Northern Prairie Wildlife Research Center
Grizzly bear populations have responded favorably to recovery zone management in the three Montana ecosystems in which they occur. However, in certain areas of the Northern Continental Divide Ecosystem, local segments of the population appear to be diminishing. Major threats to the grizzly bear include habitat loss and degradation, primarily attributable to increased road-building on public lands and residential and commercial development of private lands. Quality low-elevation habitat, including essential spring range, is often located on private lands, where the potential for human-bear conflict is high.
State and Federal agencies involved in recovery efforts continue to implement the population and habitat management policies detailed in the 1986 Interagency Grizzly Bear Guidelines. Human-caused bear mortality has declined over the past decade in the Northern Continental Divide Ecosystem and the Yellowstone Grizzly Bear Ecosystem. Interagency efforts, including sanitation measures, public education, habitat management, and bear nuisance management, have contributed to this decline. Both populations appear stable except for some local segments in the Northern Continental Divide Ecosystem. Population estimates are a minimum of 400 for the Northern Continental Divide Ecosystem and 228 for the Yellowstone Grizzly Bear Ecosystem.
As a result of augmentation efforts in the Cabinet-Yaak Ecosystem, two female grizzlies from British Columbia were successfully added to the small population in the Cabinet Mountains Wilderness Area. In 1991, after a 5-year habitat study, the Interagency Grizzly Bear Committee approved an additional Montana ecosystem, the Bitterroot Mountains, for bear recovery efforts. Although the Bitterroot Mountains have had a grizzly population in the past, there is no known population at present. This additional recovery zone will contribute greatly to the bear's recovery.
Of the several thousand section 7 consultations carried out since 1990, most have been informal and have resulted in slight (if any) project modifications while conserving grizzlies and their habitat.
Recovery will require continued monitoring in each ecosystem; habitat conservation through continued application of the Interagency Grizzly Bear Guidelines in recovery zones; continued public information programs; sanitation projects, such as the removal of food sources (e.g., garbage dumps) that attract bears into areas of human activity, by Federal, State, and local governments; and development of a plan for recovery efforts in the Bitterroot Ecosystem.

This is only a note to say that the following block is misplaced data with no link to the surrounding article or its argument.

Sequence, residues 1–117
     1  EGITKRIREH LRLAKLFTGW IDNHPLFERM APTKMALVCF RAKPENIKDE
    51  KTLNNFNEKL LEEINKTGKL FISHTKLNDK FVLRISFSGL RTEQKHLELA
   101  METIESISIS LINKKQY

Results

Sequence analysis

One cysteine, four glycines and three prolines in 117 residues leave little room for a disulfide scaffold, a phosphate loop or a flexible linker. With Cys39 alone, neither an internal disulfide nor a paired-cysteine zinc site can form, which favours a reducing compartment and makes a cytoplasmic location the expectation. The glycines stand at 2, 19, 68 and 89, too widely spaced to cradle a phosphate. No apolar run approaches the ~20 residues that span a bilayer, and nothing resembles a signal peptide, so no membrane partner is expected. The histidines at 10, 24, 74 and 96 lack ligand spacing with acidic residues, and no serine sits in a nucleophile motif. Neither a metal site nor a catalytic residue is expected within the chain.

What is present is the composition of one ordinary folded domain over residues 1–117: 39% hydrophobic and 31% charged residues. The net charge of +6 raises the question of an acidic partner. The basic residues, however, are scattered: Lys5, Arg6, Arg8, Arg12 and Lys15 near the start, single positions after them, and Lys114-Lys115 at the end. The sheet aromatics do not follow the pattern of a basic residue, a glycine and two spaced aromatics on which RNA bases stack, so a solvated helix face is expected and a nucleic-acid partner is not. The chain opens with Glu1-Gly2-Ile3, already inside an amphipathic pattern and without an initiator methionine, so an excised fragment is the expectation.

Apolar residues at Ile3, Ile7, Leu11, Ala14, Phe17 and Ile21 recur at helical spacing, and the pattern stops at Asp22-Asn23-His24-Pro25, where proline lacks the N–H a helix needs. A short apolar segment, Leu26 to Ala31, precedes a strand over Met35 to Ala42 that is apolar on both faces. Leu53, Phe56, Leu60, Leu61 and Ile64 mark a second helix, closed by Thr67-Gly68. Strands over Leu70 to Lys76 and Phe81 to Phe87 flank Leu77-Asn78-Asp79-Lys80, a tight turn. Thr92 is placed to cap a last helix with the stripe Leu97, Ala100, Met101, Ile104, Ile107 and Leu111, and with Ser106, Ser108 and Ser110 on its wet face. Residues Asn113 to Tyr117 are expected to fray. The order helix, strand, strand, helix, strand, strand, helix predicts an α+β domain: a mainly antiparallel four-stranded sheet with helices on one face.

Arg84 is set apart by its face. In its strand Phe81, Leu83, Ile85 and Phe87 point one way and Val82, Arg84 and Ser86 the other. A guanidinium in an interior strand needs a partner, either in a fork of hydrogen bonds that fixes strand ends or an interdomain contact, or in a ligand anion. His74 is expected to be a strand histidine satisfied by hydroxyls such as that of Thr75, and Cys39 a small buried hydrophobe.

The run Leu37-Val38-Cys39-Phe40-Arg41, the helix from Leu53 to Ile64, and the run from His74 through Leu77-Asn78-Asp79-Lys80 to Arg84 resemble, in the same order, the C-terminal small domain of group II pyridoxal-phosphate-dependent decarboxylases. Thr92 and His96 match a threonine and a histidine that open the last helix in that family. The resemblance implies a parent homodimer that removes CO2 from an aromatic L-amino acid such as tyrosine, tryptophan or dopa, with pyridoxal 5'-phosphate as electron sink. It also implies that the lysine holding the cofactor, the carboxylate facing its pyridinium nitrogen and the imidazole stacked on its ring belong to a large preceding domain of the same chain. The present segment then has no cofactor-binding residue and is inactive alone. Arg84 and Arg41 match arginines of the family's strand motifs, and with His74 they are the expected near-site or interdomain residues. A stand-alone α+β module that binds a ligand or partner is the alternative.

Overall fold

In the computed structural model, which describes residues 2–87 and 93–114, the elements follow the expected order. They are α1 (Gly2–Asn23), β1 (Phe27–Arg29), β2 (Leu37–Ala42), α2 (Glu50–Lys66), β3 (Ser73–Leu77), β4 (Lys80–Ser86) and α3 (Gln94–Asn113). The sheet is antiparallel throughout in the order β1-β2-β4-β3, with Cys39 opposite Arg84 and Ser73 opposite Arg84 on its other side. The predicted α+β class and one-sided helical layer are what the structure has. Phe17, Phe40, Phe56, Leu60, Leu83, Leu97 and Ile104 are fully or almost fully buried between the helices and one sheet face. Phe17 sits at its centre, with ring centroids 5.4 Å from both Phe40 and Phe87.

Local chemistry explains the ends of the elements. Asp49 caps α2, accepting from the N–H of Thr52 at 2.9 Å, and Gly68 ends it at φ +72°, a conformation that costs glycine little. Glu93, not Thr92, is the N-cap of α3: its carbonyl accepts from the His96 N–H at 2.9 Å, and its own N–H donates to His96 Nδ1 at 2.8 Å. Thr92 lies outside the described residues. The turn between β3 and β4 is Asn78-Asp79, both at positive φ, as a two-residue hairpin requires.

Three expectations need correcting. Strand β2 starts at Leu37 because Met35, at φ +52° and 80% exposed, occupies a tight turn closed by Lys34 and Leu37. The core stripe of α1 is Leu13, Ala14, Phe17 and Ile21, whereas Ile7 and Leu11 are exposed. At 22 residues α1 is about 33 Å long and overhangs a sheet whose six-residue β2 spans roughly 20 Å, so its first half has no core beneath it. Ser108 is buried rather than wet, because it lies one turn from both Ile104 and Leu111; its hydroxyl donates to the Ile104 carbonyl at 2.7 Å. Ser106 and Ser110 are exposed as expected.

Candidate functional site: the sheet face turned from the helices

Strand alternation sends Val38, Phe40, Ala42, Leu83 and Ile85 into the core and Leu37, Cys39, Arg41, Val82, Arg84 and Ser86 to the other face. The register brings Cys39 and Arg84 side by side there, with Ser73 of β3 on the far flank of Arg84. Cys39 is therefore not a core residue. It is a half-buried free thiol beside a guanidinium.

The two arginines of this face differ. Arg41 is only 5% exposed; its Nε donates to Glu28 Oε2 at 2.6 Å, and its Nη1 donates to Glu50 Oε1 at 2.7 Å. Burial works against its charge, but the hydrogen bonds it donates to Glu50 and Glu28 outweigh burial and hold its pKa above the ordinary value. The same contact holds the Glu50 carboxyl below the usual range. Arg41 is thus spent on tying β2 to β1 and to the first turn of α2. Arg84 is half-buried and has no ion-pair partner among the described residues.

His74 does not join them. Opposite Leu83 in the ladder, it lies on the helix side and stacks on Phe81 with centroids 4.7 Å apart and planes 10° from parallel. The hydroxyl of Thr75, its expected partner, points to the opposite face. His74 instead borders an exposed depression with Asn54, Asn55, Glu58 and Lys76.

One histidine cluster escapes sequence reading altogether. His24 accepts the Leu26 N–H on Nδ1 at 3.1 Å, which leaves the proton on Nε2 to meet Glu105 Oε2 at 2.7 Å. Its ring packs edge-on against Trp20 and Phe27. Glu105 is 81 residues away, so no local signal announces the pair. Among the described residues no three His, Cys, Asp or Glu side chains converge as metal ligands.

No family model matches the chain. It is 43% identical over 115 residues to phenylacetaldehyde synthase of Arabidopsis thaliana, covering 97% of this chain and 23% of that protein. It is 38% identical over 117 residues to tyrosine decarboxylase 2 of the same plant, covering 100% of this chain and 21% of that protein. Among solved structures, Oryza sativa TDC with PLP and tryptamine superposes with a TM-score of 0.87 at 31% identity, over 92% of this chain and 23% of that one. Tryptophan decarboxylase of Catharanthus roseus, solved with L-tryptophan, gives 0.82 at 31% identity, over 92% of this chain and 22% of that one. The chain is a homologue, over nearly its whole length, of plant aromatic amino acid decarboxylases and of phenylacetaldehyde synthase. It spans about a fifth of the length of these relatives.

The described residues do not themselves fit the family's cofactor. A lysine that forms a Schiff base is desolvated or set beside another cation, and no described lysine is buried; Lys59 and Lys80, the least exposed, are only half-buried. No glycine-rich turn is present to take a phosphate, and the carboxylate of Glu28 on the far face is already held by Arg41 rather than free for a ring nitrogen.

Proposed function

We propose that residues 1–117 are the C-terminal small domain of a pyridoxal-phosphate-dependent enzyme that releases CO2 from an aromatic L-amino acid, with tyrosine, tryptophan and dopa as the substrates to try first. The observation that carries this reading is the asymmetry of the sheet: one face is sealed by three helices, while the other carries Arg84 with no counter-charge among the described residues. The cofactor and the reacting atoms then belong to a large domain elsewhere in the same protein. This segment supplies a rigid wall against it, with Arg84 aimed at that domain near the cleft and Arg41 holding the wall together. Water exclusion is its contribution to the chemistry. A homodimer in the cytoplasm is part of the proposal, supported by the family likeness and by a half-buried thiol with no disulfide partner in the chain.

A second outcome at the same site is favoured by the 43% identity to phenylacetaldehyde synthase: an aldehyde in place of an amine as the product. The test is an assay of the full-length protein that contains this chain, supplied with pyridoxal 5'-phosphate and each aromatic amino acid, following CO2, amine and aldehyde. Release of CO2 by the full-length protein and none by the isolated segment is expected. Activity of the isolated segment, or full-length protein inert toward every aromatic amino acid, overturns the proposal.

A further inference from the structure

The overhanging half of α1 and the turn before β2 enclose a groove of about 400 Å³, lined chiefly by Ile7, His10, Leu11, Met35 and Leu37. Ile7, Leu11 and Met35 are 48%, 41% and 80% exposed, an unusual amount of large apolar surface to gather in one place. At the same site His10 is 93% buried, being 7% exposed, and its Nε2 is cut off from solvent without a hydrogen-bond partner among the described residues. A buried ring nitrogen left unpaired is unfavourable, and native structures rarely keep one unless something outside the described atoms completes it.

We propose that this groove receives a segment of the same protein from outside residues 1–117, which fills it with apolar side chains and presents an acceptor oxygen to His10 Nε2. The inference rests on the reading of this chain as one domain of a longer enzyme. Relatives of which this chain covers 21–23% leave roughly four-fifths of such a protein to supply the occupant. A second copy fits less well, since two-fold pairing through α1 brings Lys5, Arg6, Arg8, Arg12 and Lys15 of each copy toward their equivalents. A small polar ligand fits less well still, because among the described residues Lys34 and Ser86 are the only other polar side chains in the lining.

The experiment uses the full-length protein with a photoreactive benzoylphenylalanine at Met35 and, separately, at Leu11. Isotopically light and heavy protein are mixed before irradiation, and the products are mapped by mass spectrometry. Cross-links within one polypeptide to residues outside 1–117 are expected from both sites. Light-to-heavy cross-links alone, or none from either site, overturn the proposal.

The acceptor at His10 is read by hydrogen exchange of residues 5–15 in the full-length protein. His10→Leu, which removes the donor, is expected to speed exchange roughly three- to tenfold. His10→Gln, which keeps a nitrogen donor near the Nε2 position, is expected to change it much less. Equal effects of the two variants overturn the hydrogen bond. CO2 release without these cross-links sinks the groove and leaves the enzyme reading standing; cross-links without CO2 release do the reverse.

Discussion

The Montana Department of Fish, Wildlife, and Parks was provided $90,000 in FY 1991 and again in FY 1992 for gathering information on grizzly bear habitat and population conditions.
Forest Service: Because grizzly bear habitat occurs primarily on national forests, this Federal agency has primary responsibility for grizzly bear habitat management in Montana. It compiles annual population monitoring records for the Northern Continental Divide Ecosystem and participates in monitoring the Yellowstone Grizzly Bear Ecosystem. On several national forests, the Forest Service has initiated educational projects and sanitation measures that have reduced human-bear conflicts.
National Park Service: The National Park Service is the lead agency for population monitoring in Yellowstone and Glacier National Parks, and is responsible for nuisance bear management in the parks, including control actions specified in the Interagency Grizzly Bear Guidelines. This Federal agency implements management measures to make visitor use and recreation compatible with bear recovery and habitat conservation. The National Park Service also has information and education programs, and enforces sanitation measures that have significantly decreased human-bear conflict.
Bureau of Land Management: In conducting management of lands under its jurisdiction, this Federal agency conserves bear habitat, works to make multiple-use objectives compatible with grizzly bear recovery, and cooperates in handling nuisance bear problems.
Montana Department of Fish, Wildlife, and Parks: The Department participates in grizzly bear monitoring and has primary responsibility for managing nuisance bears on private, State, and Federal lands outside national parks. The Department has also initiated successful information and education programs, as well as proactive management programs on private lands that have reduced nuisance bear problems.
Plan approved 1/29/82.